Modi-Sharif meet could’ve waited for a while
While Mr Nawaz Sharif's presence at Mr Narendra Modi's swearing-in ceremony has evoked much bonhomie on both sides of the border, the subsequent bilateral meeting on Tuesday between the two Prime Ministers could have perhaps been held at a later time. After all, there is little to suggest that the kind of extensive groundwork needed for such a meeting to succeed, was in place. On the contrary, there have been repeated ceasefire violations from the Pakistani side in Kashmir as well as an audacious attack ostensibly by the Pakistan-based terror group, the Lashkar-e-Tayyeba, on India's Consulate in Herat, Afghanistan. The trial of those who masterminded the 26/11 attack has also made no progress in Pakistan, even as anti-India terror groups function freely across that country. As recently as a few hours ago, 26/11 mastermind Hafiz Saeed, who roams free on the streets of Pakistan, delivered one of his venomous lectures against India. Thus, given that there have been no changes in the ground situation that has led to a virtual halt in meaningful talks with the neighbouring country, it is difficult to justify a high-level talk between the two Prime Ministers. Indeed, it would have been miraculous if anything substantial had emerged from the 50-minute-long meeting. Yes, Prime Minister Modi took a strong stand during the meeting, making it clear to his Pakistani counterpart that the peace dialogue cannot be held as long as Pakistani elements continue to sponsor terror. Mr Sharif too responded with the correct noises. And while all this is much appreciated, the fact remains that ‘terror and talks can’t go hand-in-hand’ has been India's official line for long. It is also a fact that the position has not brought about any change in Islamabad’s attitude towards terror activities directed at India.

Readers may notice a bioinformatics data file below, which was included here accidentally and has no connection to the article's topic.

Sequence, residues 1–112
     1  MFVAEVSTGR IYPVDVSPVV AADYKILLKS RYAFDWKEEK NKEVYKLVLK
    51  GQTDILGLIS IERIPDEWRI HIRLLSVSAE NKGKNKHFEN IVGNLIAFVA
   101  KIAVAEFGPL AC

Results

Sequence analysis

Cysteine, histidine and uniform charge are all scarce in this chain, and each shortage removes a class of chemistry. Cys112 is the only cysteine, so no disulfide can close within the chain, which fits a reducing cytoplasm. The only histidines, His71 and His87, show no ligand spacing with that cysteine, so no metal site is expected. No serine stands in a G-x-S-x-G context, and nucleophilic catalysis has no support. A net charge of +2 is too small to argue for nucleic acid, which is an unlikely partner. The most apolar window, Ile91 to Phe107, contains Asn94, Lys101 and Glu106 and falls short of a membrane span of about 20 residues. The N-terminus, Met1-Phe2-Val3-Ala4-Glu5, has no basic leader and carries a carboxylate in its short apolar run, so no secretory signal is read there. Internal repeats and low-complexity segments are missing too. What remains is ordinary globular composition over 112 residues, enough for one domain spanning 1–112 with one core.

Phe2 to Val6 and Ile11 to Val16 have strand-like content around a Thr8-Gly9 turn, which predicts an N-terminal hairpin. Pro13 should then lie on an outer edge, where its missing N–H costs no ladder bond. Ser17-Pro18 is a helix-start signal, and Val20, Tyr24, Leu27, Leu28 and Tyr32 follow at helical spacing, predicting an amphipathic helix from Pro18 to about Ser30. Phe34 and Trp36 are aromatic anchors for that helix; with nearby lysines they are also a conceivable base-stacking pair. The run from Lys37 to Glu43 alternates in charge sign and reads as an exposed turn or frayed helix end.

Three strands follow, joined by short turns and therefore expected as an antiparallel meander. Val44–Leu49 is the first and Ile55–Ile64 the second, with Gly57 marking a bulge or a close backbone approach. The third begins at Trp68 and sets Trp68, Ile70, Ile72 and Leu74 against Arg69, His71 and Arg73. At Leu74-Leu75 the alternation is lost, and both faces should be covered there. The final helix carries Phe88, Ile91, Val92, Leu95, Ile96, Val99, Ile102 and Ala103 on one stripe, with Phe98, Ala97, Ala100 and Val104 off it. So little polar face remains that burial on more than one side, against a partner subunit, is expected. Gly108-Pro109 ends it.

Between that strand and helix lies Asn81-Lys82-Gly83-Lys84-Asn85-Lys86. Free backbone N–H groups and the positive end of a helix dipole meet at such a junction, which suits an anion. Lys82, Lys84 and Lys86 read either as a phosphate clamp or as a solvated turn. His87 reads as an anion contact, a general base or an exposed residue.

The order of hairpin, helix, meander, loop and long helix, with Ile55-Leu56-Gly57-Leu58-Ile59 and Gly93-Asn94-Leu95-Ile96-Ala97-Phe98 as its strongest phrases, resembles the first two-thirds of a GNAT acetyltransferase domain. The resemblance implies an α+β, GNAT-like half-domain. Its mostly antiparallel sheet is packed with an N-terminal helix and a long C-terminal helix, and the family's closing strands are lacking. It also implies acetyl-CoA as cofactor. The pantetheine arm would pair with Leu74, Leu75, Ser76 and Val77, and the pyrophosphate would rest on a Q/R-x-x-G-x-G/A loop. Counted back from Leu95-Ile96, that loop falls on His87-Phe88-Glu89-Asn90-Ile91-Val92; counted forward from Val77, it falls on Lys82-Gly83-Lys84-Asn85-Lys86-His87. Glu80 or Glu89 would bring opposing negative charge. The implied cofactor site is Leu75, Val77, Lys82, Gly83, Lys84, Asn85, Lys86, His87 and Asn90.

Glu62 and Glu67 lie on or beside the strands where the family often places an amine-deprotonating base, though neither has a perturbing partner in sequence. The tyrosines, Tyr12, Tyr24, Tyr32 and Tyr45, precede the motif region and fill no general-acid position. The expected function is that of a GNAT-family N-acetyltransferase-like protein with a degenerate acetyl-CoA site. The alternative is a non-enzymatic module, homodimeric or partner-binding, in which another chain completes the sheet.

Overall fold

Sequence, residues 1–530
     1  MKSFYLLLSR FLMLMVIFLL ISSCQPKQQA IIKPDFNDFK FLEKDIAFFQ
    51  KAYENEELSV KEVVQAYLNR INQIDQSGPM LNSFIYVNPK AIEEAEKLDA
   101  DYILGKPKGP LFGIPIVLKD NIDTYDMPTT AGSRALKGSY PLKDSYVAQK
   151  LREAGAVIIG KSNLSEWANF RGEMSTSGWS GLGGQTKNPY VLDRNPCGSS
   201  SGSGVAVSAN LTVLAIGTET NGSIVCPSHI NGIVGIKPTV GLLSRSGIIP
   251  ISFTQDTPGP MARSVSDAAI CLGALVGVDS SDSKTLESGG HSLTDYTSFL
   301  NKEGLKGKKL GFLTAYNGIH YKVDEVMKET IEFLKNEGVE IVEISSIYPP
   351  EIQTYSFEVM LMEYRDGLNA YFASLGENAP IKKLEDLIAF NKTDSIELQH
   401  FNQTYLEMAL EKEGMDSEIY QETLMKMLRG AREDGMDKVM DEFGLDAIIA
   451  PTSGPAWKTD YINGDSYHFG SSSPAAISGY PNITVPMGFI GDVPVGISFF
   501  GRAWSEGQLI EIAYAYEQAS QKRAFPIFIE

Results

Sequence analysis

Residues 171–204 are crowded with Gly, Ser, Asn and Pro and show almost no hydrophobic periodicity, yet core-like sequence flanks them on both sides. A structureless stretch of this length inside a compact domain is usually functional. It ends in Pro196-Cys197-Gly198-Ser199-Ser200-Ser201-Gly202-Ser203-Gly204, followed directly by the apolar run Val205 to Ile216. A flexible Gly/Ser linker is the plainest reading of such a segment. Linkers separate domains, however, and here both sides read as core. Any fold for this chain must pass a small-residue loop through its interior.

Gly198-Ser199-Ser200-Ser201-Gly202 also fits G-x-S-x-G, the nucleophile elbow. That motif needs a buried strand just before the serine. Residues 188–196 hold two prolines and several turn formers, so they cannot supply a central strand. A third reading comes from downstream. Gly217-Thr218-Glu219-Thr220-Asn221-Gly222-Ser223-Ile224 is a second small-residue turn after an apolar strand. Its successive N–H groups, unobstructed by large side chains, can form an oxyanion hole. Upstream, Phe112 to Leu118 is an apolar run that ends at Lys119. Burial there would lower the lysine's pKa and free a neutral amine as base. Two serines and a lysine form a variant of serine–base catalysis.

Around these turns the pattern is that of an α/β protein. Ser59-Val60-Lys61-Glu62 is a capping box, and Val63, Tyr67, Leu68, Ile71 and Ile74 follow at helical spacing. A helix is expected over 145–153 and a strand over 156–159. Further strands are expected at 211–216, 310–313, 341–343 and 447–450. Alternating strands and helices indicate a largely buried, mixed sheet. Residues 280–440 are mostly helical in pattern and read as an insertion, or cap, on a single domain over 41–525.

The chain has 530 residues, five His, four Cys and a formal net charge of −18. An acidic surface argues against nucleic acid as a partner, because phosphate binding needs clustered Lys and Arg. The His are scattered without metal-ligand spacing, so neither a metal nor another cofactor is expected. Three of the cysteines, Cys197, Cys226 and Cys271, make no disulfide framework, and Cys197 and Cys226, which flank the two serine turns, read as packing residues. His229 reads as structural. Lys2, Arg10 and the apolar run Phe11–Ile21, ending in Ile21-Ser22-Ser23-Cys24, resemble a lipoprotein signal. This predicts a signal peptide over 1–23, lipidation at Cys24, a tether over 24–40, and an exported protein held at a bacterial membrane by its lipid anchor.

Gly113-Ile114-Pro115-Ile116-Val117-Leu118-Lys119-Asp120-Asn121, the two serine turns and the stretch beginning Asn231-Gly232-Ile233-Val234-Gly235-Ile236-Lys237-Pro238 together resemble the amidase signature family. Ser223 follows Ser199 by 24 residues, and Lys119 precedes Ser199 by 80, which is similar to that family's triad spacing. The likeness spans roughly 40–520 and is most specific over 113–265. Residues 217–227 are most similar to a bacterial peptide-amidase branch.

Against this backdrop, the Sharif-Modi meet has expectedly disappointed realists in India. It is true that Mr Modi scored a huge diplomatic advantage on the Pakistan policy front by inviting SAARC leaders, including Mr Sharif. Let us not forget that even until a few days ago, Mr Modi's critics were convinced that even if he didn't go to war against Pakistan, he would do precious little to improve ties with that country. In fact, the general criticism against Mr Modi was that the new Prime Minister, with his muscular foreign policy, would alienate friends and neighbours especially in India's Muslim majority neighbourhood. That does not seem to be happening. In short, while the invitation to the swearing-in was a diplomatic masterstroke, the bilateral meeting may have been somewhat of an overkill.
Nonetheless, while the bilateral meeting had little to offer, the visit that Mr Sharif made for Mr Modi’s oath-taking ceremony brought the two leaders on the same page. This was unlike in previous years when Pakistani leaders often took their Indian hosts by surprise when they deviated from the script during media interactions and sought to score brownie points. Equally importantly, it helped Mr Modi and Mr Sharif strike a personal connection. Finally, it has injected positive energy into the India-Pakistan relationship. Mr Sharif's decision to call on Mr Atal Bihari Vajpayee was a thoughtful gesture. It acknowledged the gains made in the past. This should help in future plans.